And, he adds, “Oftentimes, they’ll get approval for a UAV they’re no longer using” – such is the case with Amazon. While the company waited for an authorization to test its delivery-by-UAV device in the U.S., it developed a new aircraft and is no longer planning to use the one that received the experimental airworthiness certificate.
“While I’m pleased that the FAA is trying hard to make some movement in the right direction, the problem is that it’s divorced from technology; it’s divorced from the industry,” says Drobac, who explains that although the agency is not approving commercial operations as rapidly as UAV technology is advancing, he “appreciates the complexity of what the FAA is doing.”
Part of the reason he feels the FAA is making headway is that it is collaborating with and being more responsive to the industry in a way that has not been seen before.
“The FAA is definitely trying to make efforts to move forward and be more progressive,” says Drobac.
West says that in a recent FAA meeting with the Small UAV Coalition, of which DroneDeploy is a member, the FAA mentioned that it is looking into a risk-based approach for commercial UAV operations. However, she notes that how the agency will go about it is speculative: e.g., how the aircraft will be categorized, or how similar or different the rules will be to those of other countries.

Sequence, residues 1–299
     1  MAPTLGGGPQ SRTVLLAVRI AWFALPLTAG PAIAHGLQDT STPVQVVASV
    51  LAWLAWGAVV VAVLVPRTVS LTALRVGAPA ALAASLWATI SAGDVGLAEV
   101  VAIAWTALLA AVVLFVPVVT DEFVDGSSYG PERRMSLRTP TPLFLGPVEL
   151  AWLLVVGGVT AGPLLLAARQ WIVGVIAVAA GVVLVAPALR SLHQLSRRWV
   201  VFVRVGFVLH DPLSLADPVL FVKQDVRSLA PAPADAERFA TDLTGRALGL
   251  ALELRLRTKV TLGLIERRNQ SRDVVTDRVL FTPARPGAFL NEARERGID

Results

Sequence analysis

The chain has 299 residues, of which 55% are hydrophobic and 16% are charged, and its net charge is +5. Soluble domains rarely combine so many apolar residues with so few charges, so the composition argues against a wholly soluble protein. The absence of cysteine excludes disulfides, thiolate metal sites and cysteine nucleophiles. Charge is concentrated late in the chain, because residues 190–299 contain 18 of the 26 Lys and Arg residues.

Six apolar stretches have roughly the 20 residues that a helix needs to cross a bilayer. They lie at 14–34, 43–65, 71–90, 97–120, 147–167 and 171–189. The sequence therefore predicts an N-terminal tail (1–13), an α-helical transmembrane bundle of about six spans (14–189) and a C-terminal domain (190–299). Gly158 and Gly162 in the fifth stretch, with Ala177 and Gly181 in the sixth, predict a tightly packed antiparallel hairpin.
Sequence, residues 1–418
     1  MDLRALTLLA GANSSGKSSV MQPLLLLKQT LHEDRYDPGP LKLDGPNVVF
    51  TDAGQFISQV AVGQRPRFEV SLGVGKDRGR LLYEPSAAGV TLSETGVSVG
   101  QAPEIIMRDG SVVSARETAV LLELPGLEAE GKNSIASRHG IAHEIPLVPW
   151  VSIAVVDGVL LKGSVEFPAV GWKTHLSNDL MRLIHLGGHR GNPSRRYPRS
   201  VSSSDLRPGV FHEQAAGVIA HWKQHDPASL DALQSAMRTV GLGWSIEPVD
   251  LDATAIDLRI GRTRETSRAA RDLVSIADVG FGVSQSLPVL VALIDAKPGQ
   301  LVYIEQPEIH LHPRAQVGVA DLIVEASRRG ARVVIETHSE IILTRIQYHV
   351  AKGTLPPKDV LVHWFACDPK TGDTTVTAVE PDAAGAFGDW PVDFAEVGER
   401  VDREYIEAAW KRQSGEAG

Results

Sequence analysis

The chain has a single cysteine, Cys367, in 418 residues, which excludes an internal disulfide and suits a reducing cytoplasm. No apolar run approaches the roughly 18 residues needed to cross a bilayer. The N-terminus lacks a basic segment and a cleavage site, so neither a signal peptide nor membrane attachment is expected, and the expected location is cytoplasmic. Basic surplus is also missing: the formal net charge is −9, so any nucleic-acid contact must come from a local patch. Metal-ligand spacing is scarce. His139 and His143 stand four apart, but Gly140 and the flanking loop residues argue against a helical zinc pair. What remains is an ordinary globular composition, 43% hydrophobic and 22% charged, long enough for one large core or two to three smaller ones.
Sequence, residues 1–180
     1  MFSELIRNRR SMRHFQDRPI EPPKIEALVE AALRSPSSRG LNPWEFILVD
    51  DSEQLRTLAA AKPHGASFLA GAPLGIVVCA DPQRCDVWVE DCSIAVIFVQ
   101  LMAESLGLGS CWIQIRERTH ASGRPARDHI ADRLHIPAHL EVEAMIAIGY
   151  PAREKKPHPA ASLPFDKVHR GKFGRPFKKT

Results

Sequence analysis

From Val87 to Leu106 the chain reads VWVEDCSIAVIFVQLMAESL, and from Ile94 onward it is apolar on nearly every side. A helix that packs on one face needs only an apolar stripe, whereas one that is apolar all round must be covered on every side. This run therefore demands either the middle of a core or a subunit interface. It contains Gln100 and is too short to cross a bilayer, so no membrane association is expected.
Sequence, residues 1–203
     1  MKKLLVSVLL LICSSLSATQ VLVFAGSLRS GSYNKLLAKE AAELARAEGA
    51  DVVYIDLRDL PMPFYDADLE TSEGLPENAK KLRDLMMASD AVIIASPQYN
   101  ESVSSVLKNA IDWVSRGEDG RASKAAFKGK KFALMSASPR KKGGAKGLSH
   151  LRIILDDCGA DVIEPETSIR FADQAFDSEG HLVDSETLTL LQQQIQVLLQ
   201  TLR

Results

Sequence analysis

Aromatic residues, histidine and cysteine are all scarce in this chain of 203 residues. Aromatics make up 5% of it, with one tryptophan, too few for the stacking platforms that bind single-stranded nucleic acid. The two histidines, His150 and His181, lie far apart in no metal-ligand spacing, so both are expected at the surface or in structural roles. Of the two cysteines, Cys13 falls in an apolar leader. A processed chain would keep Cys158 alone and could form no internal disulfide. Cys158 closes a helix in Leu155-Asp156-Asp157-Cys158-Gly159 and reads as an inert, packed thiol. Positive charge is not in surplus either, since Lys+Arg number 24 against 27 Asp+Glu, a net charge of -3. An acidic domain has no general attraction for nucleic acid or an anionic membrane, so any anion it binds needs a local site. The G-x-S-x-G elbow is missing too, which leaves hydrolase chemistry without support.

Drobac also confirms that the FAA is “working on something related to a risk-based approach.”
“I think we’re going to hear from the FAA soon,” he says. “I think this is the beginning of many announcements.”
Although the FAA has not announced it in a formal change, the Small UAV Coalition mentioned in a release that the agency has, in fact, made another policy revision: lifting the PPL requirement as a part of the approvals it granted last week. These commercial entities can, instead, possess a recreational or sport pilot certificate.